Why are we in debt?

Why are we in debt?

The Trade Union Congress recently published a study showing that the average amount of unsecured debt per household in the UK has reached a record high of £12,887.

The TUC’s General Secretary Frances O’Grady said: “These increases in household debt are a warning that families are struggling to get by on their pay alone. Unless the government does more for working people, they could end the New Year poorer than they start it.

“Employment may have risen, but wages are still worth less today than nine years ago. The government is relying on debt-fuelled consumer spending to support the economy, with investment and trade in the doldrums since the financial crisis.”

She is, to a fairly large extent, correct. As we can see, while wages have gone up by an average of 18% over the last nine years, inflation has gone up further, with an average market basket of goods now costing 31% more now than it did in 2007.

House prices have also been increasing steadily. Over the nine year period, house prices went up by an average of 12%, due to a sharp dip following the crash in 07/08. However, between 2010 and 2016, average property prices went up by 23%, outdoing both inflation (21%) and wages (11.6%).

Given the disparity between increasing costs of living and the rate at which earnings have been going up, household income has become more and more stretched leading, as O’Grady points out, to people having to rely more and more on credit to get by.

However, as the TUC’s own figures show, average household disposable income has been increasing at a faster rate than raw wages, and debt as a portion of income is lower now than it was back in 2009 (though it has been growing since 2012). This is at least in part down to the fact that average mortgage rates are currently much lower than they were nine years ago.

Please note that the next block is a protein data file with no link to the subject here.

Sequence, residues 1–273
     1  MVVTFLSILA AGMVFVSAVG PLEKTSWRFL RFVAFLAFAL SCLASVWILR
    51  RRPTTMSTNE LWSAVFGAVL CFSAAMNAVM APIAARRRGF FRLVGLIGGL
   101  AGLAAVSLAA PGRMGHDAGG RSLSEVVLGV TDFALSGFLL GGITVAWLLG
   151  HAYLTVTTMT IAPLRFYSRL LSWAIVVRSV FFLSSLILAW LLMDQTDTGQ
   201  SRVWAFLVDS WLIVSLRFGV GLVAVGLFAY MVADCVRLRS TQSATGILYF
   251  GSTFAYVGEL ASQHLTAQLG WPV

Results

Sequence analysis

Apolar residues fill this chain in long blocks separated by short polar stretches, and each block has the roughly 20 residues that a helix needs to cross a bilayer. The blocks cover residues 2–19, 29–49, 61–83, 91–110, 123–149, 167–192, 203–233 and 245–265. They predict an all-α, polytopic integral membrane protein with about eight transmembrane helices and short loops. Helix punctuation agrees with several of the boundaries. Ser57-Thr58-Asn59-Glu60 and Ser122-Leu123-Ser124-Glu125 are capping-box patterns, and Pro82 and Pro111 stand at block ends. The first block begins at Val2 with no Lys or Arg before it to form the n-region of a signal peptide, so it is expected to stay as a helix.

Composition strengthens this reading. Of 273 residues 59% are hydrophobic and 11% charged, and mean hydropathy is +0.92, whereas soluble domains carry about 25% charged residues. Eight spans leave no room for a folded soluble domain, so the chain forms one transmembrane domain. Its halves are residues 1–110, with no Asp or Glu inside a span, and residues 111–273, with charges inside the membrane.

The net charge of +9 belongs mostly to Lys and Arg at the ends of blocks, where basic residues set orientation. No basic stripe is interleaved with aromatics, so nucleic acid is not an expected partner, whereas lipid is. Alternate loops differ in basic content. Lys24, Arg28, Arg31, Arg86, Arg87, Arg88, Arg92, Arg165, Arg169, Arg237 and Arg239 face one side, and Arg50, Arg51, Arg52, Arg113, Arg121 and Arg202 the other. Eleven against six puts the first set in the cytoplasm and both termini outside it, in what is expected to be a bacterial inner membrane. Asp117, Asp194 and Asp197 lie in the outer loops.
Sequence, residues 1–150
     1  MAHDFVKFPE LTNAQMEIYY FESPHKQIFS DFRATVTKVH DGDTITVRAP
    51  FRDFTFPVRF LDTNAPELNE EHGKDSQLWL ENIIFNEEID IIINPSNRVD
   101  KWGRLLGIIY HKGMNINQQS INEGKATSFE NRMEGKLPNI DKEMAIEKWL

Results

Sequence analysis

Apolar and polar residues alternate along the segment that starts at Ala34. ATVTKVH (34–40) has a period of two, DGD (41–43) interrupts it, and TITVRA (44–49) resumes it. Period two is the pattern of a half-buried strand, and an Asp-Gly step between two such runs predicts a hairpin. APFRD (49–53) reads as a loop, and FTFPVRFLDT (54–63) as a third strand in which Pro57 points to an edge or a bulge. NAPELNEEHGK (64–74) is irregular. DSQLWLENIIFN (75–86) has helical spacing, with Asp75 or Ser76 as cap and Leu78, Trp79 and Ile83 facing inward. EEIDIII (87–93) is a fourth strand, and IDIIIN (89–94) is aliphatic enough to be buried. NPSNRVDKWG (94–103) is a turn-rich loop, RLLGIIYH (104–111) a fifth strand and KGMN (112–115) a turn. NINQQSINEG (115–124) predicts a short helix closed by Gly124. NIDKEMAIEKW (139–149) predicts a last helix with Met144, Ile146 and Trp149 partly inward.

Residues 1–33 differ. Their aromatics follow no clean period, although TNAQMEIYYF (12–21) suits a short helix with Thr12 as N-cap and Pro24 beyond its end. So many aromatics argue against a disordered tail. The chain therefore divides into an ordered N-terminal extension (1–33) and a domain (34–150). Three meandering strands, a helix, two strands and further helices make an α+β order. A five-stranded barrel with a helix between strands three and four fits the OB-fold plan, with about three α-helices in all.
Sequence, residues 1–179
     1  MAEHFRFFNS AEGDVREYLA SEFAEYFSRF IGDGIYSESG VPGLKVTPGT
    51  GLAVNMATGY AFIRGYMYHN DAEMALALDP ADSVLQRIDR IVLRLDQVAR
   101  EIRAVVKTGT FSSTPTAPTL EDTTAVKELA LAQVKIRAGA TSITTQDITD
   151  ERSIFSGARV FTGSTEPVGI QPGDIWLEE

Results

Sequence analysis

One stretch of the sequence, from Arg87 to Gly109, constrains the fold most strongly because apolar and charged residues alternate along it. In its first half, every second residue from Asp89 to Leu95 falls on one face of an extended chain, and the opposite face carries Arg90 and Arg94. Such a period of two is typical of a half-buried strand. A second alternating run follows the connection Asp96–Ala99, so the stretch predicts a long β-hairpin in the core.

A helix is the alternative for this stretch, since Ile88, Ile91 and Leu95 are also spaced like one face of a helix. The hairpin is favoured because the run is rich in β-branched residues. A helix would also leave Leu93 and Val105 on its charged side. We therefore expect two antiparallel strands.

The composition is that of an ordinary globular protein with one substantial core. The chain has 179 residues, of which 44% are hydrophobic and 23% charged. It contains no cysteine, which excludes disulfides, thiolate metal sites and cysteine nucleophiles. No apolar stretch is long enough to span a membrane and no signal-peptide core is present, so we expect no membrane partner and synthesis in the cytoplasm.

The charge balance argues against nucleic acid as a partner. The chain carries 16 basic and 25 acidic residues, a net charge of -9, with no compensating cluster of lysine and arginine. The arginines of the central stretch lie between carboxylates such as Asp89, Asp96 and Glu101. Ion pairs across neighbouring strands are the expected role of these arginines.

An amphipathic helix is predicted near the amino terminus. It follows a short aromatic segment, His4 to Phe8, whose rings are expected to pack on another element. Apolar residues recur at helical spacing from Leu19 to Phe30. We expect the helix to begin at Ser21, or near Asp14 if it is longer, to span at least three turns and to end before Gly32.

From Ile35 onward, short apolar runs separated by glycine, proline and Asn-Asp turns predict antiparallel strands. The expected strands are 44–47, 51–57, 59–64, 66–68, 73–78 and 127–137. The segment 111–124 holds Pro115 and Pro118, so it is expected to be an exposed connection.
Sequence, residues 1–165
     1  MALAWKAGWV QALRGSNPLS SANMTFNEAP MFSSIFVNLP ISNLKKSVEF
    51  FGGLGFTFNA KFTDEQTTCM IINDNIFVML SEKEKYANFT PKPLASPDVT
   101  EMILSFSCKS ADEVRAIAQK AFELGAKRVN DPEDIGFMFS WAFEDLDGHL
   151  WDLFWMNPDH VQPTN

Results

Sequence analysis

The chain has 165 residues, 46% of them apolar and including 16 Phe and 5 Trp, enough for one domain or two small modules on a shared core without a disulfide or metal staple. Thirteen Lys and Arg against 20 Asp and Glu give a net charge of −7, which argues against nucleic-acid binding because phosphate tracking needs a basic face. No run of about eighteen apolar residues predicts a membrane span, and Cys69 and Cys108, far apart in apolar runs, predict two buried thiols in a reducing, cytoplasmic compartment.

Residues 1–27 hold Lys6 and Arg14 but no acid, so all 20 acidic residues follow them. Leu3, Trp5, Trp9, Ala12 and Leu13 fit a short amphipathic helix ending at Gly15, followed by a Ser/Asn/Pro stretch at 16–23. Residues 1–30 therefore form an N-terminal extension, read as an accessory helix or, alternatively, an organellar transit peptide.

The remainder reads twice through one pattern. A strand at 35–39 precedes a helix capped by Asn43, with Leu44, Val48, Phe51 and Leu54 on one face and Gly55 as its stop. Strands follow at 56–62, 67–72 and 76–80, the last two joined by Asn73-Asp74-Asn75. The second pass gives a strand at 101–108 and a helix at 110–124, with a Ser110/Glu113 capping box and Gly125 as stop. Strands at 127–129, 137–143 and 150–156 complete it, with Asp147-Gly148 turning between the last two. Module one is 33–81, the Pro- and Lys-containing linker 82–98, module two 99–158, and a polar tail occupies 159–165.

We can see that, as well as well as spending power being increased, actual expenditure has gone up, signalling some increased confidence in the economy compared to previous years. This, along with the increased availability of credit, is a cause for increased household debt itself – and one that is not quite a worrying as the stretched wages that O’Grady refers to.

Andy Haldane, the Bank of England’s chief economist explained that high levels of debt are not necessarily worrying since, while interest rates are as low as they are – and look set to remain low – the risk of individuals defaulting is also lower. In short, debt levels may be higher than in previous years, but the debt is, on the whole, more affordable as well.

However, while some increased debt is indeed a sign of a recovering economy, it is important to be careful. If you personally feel that you are using credit as a crutch, and that you are struggling to be able to afford repayments on your current debt, you should seek help or advice before you get in any deeper. Credit can be a great tool, but it must be used prudently.

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